The iterative work of material modelling and experimental validation also started this year, for both CCA and CCC a Machine Learning Algorithm were released once trained with data available from literature. The collection and organization of data from literature was a non-trivial activity, due to the scattered availability of data that required normalizations and implementation to be compatible and to avoid as much as possible biases.
The experimental activity took most of the effort, the CCA and CCC compositions realised were completely unknown before and each of them brought unexpected challenges that had to be solved.
Thirty CCA alloys, selected among the predictions of the first ML algorithm, were synthesized by Induction Melting, or Arc Melting where IM was not effective. Than processed by annealing, cutting and rolling to get specimens for the extensive characterization campaign that included, XRD, DSC, SEM, EDX, ICP-MS, LECO, H2 uptake, Corrosion via LPR and CPP, and Hardness.
Calphad calculations on phase formation and stability were also used as complement to the ML algorithm predictions, and the results has been backed up by the XRD and DSC data acquired on the experimental dataset, validating the use of Calphad phase calculation of CCA for future implementation of the ML algorithms.
Eighty CCC where formulated and realised with two techniques, Sol-Gel and direct dry powder mixing. This led to a set of about 160 samples that have been fired at increasing temperatures (1300, 1500, 1700) to identify which conditions lead to the formation of a single phase CCC. The characterization performed on CCC and CCA determines the dataset for the next iterations of the ML models.
Beside the activities dedicated to the identification of the CCA and CCC composition, also the preparatory activities for the coating deposition had started, in particular the development of methodologies for CCA powder production and the identification of luminescent taggants to be embedded in the coating for smart monitoring.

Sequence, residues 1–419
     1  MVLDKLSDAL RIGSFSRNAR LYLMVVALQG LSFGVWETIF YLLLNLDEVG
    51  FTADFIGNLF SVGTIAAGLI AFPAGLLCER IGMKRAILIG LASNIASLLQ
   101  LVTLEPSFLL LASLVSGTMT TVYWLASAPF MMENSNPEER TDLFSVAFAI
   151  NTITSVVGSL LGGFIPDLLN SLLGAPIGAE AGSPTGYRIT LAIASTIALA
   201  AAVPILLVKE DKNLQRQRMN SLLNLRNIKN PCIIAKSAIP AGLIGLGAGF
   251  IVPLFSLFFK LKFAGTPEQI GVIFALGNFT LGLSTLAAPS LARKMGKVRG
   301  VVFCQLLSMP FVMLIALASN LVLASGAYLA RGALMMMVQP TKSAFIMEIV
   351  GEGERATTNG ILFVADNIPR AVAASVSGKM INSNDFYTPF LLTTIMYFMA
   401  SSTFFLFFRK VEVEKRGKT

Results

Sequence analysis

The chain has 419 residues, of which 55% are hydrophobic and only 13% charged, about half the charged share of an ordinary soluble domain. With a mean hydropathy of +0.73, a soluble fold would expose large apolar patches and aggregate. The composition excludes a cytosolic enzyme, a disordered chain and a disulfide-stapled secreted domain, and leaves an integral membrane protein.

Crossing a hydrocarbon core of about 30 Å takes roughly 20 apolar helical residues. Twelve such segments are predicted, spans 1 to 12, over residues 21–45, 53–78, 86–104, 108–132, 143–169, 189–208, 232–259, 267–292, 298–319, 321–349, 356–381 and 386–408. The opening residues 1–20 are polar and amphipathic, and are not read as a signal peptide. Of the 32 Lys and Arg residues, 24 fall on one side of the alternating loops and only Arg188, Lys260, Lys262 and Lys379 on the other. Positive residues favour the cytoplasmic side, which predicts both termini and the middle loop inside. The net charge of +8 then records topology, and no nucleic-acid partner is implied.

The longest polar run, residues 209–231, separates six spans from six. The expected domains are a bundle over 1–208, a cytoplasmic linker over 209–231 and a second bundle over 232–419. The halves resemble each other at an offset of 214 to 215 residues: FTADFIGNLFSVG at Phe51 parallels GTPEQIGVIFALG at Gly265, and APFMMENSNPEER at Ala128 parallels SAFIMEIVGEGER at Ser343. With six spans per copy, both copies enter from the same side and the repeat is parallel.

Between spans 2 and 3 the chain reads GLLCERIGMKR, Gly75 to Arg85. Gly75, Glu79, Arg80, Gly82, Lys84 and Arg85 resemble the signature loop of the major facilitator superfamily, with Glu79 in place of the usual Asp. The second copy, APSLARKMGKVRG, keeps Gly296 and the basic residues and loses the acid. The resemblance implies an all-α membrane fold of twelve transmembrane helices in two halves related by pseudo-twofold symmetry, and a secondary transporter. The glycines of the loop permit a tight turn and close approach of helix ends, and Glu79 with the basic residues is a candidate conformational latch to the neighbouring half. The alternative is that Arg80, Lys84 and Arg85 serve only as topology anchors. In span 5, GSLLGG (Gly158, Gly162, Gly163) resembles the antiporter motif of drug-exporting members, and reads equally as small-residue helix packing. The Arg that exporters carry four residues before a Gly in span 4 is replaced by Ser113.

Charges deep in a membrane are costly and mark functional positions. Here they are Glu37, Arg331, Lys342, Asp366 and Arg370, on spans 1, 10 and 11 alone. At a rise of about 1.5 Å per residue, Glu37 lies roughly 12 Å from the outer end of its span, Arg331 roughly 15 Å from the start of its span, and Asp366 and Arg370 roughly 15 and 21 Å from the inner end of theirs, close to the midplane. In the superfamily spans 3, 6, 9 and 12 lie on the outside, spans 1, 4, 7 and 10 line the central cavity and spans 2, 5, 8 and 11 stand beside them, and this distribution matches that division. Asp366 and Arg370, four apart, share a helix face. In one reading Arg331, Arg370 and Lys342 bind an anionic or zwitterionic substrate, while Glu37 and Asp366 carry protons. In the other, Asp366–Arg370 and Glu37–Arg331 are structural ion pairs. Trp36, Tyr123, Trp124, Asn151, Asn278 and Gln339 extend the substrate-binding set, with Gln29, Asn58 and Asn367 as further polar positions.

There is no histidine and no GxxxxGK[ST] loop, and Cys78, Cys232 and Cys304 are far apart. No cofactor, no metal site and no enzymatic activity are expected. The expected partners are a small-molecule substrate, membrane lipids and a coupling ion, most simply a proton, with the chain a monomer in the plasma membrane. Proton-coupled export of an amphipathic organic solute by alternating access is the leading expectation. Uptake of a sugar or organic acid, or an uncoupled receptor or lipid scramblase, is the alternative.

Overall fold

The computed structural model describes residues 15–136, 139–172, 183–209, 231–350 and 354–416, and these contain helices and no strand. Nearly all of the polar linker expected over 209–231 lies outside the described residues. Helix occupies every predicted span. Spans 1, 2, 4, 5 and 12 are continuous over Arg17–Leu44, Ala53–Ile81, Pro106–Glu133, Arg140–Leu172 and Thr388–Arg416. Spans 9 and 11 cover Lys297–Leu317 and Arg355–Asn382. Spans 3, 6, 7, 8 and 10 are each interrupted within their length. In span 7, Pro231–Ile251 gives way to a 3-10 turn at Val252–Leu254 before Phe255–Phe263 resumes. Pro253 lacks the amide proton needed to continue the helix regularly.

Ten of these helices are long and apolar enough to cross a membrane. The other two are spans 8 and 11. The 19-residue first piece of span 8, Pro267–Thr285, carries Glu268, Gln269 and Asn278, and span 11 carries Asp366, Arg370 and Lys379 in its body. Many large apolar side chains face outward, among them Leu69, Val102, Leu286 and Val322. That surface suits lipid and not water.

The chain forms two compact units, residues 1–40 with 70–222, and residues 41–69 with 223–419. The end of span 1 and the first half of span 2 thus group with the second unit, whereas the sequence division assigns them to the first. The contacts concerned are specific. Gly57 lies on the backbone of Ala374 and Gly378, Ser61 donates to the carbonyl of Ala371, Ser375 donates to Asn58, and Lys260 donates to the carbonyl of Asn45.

Most of the project activities are still ahead, especially those more closely linked to the actual application of the newly developed materials into real industrial scenarios. Notwithstanding this the project already achieved important milestones:
• The first ML-algorithms for CCA and for CCC have been achieved
• The experimental activities on 30 CCAs compositions validated the ML algorithm providing data for its improvement
• An unbiased dataset of 160 CCCs has been obtained experimentally, solving issues related with biases on the data achievable from thermodynamic calculations
• Three CCAs has been synthesized in powder form, validating the methodologies for the upscale of the CCAs that will emerge from the development and modelling activities
• One luminiscent taggant has been selected among the initial 36 candidates, by passing all the characterization criteria set to assure the survival of the taggant also after the deposition process and in the extreme working condition of the coating
The results expected in the next periods builds upon these ones, bringing the consortium closer to the its final targets.
FORGE technology will be applied for different critical components in steel, aluminum, cement and ceramic manufacturing plants against four key performance indicators (KPIs) or performance targets (PTs), as detailed in the public deliverable released in this first period, to extend the service life of these components by making them more resistant to the harsh industrial working conditions.
Microstructure of the AlCoCrFeSiTi Compositionally Complex Alloy
Microstructure of the CrFeNbNiTiV Compositionally Complex Alloy
Microstructure of the CoCrFeMnTiV Compositionally Complex Alloy
Microstructure of the AlFeMoNbNiTa Compositionally Complex Alloy
Microstructure of the CoFeNiSi Compositionally Complex Alloy